Modern database driven web sites implement SEO-friendly URLs emulating static directories and files. Switching to such “clean” URLs enables good indexing by search engines, makes URLs more user-friendly and hides the server-side language. For example, this clean URL may refer to the page in some product directory:


In fact, there is no /products/network folder on the server and no router.html file at all. The page is generated by server script using database query for “network” product category and “router” product. But who calls the script and where it gets the query parameter values?

This technique is usually referred as “URL rewriting”. It allows web server to recognize what information was requested by parsing the URL string. Apache and PHP allow multiple options to implement URL rewriting. So which one is the best?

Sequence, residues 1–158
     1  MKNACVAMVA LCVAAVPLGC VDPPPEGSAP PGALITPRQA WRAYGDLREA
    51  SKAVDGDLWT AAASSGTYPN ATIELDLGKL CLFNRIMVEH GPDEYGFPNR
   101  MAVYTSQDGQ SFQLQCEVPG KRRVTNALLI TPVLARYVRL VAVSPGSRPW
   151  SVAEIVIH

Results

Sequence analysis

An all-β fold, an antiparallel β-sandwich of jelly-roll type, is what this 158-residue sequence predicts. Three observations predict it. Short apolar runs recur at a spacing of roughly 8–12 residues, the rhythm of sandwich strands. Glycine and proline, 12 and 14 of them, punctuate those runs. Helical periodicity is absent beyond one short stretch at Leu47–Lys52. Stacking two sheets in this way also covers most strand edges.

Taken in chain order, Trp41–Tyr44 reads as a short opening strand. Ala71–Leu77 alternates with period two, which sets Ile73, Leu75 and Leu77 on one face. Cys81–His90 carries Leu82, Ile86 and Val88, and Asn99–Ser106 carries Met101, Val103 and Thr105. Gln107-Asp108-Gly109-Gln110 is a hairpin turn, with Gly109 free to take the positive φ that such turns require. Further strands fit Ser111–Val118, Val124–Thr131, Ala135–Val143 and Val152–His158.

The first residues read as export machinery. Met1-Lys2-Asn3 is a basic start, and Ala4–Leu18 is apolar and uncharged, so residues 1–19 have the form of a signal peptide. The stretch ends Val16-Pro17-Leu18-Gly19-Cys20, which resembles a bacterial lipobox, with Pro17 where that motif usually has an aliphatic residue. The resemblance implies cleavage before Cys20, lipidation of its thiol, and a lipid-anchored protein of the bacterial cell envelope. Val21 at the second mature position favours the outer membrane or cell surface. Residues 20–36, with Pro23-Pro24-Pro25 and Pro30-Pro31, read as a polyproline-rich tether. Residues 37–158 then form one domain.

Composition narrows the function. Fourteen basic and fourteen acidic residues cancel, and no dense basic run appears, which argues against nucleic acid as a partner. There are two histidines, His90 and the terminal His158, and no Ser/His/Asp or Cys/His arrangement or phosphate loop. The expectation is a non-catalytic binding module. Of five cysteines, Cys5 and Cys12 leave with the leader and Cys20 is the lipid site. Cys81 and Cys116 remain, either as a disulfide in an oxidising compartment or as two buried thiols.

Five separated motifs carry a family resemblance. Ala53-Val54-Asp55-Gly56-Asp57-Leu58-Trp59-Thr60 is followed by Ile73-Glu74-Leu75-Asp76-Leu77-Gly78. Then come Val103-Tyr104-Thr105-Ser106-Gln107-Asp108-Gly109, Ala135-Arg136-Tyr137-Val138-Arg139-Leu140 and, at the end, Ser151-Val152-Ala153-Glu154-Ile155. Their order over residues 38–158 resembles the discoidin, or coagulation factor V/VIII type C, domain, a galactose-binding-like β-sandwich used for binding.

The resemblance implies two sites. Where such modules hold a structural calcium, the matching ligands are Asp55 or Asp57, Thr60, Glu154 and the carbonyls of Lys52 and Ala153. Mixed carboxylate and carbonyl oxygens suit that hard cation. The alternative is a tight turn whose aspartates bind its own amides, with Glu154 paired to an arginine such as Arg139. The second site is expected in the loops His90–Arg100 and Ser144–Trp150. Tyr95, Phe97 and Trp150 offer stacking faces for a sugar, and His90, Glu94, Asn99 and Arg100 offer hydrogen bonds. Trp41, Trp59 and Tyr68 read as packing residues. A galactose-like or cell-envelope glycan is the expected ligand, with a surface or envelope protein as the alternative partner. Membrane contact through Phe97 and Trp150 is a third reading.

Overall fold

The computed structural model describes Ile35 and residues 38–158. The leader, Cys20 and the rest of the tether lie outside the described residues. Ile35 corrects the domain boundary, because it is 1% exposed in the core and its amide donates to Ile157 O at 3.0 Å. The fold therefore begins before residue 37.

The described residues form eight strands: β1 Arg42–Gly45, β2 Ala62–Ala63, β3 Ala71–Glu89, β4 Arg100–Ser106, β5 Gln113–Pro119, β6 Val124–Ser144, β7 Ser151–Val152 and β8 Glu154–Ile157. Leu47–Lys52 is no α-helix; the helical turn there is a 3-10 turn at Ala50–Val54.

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PHP regular expressions and UTF-8

Perl-compatible regular expression functions in PHP can properly work with Unicode strings. Just add /u modifier to turn on UTF-8 support in preg_replace, preg_match, preg_match_all, preg_split and other PCRE (preg) functions. This way you can parse strings with national characters. For example:

$clean = preg_replace('/\s\s+/u', ' ', $dirty);

If used without /u modifier this code damages UTF-8 encoded strings by replacing national character bytes improperly interpreted as whitespace characters. This and many other problems are caused by improper interpretation of every byte as ASCII character which is not always true for UTF-8.